I was doing a difficult mediation at a law firm sometime back, and one of the senior partners turned to me when we were walking down the hall together and said, “You know, Ross, this is one of those days that I think about quitting and just going up to the high lonesome.” This was a very solid conservative guy who was holding that firm together, and an excellent, dedicated lawyer. His comment was a bit of a shock to me. Yet he was just expressing what we all feel at some moment. It’s the moment when when we think about quitting law.
We all want to chuck the whole damn thing at some point in our careers, and it may not be just on “one of those days.” It might be a consistent urge that needs to be listened to, and perhaps acted upon. Just how to handle this life-defining impulse, to interpret it correctly, and to make a good choice, is one of the most important things that you need to know about. What follows is something they will never teach you in law school.
Let’s begin by talking about a romantic myth.
There is a big story going around, which has been firmly embedded in our culture, that says that the path to a better life involves quitting the one we have, and going off on an adventure to find a boon. This story-line has been made famous by a person in who has been a profound influence on my life, Joseph Campbell, who wrote a book called The Hero With a Thousand Faces.
Campbell studied the hero myths from many cultures around the world, and found a consistent story line. He discovered what he felt was an archetypal story, so widespread to suggest that it was the story that humans needed to follow to lead lives connected with their deepest and best impulses. Following this story line would lead to a life of ultimate joy, meaning, and significance.
This story begins with our hero (the fool) leaving everything he/she has known, and starting out on a journey. The Hero meets friends along the way, overcomes adversaries, and faces a critical test. The test is so great that it cannot be passed with the powers of the hero’s old self, and that old self must be destroyed. What emerges (if the test is passed) is a new self with unexpected new powers. With these powers, the hero is able to claim a boon, (a chalice, blade, or other object) and then return to his old world through a perilous return with the boon, only to discover that the boon is actually the hero him/herself, the transformed person who brings a new way of being to culture.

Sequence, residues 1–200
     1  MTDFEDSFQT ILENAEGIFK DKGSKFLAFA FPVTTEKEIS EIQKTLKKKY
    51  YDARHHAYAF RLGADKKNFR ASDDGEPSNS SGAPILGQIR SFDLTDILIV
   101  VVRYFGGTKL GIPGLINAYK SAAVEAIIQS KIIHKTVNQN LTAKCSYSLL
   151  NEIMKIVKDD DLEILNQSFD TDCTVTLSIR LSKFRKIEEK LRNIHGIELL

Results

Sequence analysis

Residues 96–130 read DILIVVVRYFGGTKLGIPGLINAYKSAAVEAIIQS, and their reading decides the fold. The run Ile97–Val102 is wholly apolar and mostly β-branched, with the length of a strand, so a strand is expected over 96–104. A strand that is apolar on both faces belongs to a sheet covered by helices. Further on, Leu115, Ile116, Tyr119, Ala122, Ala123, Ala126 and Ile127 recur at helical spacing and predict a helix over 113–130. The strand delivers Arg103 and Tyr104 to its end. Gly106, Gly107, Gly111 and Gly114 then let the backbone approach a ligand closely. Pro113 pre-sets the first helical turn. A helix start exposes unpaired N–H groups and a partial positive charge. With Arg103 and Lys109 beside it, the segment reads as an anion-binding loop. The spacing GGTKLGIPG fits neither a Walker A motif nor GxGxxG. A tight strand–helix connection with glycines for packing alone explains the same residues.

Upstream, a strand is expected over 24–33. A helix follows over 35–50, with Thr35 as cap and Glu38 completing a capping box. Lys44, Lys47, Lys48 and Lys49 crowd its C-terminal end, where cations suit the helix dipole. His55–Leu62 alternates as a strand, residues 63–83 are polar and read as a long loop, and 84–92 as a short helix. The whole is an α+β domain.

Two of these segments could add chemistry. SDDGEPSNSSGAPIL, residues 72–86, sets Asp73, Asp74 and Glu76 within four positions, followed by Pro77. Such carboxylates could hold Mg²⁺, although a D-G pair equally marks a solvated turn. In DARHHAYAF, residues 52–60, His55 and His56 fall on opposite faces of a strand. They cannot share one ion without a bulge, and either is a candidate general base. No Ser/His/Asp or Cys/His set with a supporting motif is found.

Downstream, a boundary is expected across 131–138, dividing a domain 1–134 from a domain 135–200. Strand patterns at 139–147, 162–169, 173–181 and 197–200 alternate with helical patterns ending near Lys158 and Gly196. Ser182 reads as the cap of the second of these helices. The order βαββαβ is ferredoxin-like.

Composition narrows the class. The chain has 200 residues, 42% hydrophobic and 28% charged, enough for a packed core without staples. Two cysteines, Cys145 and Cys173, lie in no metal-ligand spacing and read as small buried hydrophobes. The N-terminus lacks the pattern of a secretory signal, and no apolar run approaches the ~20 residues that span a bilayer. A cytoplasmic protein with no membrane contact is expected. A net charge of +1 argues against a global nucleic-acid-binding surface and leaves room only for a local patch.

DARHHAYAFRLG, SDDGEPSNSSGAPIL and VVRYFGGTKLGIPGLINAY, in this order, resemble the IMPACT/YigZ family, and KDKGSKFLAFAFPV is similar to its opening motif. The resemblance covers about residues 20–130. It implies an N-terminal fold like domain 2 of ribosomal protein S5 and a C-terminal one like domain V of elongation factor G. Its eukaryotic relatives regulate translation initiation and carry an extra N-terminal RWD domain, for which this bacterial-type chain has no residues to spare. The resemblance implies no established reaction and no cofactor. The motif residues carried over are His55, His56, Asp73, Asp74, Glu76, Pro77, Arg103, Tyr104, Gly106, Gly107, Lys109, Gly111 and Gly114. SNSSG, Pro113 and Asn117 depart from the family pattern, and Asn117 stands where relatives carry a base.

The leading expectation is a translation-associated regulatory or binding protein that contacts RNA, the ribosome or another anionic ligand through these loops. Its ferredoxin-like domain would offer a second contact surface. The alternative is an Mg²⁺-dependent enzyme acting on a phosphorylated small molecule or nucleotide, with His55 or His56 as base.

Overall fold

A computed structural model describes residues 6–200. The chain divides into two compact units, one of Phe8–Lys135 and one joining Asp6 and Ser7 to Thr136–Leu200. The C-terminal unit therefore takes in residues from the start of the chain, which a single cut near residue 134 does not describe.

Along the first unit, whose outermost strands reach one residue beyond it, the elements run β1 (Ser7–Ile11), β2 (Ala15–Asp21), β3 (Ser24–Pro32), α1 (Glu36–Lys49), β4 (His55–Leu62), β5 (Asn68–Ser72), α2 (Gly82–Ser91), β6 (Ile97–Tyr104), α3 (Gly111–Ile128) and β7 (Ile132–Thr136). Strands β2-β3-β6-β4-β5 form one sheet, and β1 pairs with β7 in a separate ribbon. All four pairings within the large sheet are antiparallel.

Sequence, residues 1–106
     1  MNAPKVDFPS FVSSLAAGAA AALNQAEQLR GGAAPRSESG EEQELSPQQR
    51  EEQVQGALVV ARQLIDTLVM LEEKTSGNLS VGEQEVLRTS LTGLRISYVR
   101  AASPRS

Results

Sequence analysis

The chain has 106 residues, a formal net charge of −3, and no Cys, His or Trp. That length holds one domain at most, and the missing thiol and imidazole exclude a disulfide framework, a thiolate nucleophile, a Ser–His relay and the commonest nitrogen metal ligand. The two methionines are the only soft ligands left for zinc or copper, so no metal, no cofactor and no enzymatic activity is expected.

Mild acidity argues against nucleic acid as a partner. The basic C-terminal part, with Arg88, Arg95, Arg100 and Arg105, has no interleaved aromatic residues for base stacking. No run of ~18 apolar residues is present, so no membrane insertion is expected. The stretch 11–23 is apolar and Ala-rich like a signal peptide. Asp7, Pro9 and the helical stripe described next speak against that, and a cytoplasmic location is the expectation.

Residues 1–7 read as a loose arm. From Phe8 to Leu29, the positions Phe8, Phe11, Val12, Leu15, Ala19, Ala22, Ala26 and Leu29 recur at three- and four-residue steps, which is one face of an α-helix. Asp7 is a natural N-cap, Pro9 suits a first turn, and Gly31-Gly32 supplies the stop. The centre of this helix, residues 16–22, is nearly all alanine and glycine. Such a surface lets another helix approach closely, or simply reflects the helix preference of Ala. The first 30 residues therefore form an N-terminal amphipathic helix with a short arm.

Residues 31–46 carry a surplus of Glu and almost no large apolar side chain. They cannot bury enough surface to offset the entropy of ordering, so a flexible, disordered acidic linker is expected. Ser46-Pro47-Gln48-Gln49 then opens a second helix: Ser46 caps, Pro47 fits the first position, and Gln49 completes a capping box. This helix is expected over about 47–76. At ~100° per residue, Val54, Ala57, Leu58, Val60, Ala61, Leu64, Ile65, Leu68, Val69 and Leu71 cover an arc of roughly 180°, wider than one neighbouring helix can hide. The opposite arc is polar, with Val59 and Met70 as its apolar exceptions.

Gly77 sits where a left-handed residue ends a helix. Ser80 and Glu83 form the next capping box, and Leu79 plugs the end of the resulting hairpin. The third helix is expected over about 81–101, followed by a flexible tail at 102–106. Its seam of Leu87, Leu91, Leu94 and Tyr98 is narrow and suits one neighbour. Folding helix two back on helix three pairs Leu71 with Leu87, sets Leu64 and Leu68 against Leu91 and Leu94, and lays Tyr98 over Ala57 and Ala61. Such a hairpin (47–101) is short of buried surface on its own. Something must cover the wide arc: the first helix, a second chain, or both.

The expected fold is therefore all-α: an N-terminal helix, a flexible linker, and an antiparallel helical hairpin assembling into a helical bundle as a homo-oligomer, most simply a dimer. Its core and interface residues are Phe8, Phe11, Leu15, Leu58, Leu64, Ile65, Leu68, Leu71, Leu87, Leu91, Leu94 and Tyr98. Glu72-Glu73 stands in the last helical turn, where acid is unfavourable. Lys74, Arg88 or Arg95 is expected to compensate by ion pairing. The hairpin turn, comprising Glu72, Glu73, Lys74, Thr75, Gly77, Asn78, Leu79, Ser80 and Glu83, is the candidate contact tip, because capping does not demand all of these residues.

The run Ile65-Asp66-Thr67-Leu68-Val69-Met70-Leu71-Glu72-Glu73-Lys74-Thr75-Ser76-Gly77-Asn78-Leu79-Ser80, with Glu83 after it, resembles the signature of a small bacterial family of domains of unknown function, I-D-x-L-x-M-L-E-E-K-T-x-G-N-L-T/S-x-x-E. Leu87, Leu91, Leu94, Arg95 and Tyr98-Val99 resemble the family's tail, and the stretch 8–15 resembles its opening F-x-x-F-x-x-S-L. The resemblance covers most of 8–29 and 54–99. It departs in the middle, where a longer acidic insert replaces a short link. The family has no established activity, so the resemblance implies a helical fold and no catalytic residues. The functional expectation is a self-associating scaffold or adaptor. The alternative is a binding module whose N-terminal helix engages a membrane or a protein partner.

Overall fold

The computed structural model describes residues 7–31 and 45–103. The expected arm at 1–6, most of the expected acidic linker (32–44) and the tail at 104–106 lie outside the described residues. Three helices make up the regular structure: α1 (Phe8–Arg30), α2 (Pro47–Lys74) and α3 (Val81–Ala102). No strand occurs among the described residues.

In graphic form, here’s what the hero’s journey looks like:
This story has become the standard plot line for basically every Hollywood movie known to man. Star Wars has been running on it now for nearly 40 years time. It’s deeply embedded in our culture, and along with it the myth that the first step to whatever it is we’re seeking involves leaving our current world and starting out on the hero’s journey.
I came in contact with this book and its story early on as a young man, and bought its method hook, line, sinker, rod, reel and most of the boat. I even went to the trouble of writing a big book based on the hero’s journey, in an effort to unpack its secrets. It’s a story about a lawyer that chucks it all and goes out on a vision quest. You can get a copy of the book, called Keepers of the Field here and learn a little bit about it on the book’s website.
Follow Your Bliss!
According to Campbell, the right thing to do with one’s life is to quit the ordinary world and go off on your quest with a single instruction: “Follow your Bliss.” Following one’s bliss (whatever is immensely attractive to you, holds the promise, and gives you joy) will lead you along. One must be prepared, however, to hit a wall where nothing is working and all seems lost. If one can only sit before the wall and wait, according to Campbell, a “door will always open” that will allow you to live a life that is consistent with your bliss, and all will end well in a sunlight upland.
Doubtless if you are a lawyer, there are days when some alternate reality looks pretty darn good. Visions arise of you riding bareback on the beach on a white stallion, living in Paris with a secret lover, opening that cozy bed and breakfast somewhere beautiful, or, in my case, living the life of an award-winning novelist.
Sounds good doesn’t it?
Having tried this experiment, I have this boon to bring back to you from my hero’s journey: Following your bliss doesn’t really work.
Campbell himself acknowledged this later in life when he saw a generation of hippies turning on, tuning in, and dropping out to follow his advice, and the results. He is now famous for his late-in-life retraction: “What I should have said was follow you blisters!”
A Brief History of Our Romantic Narrative.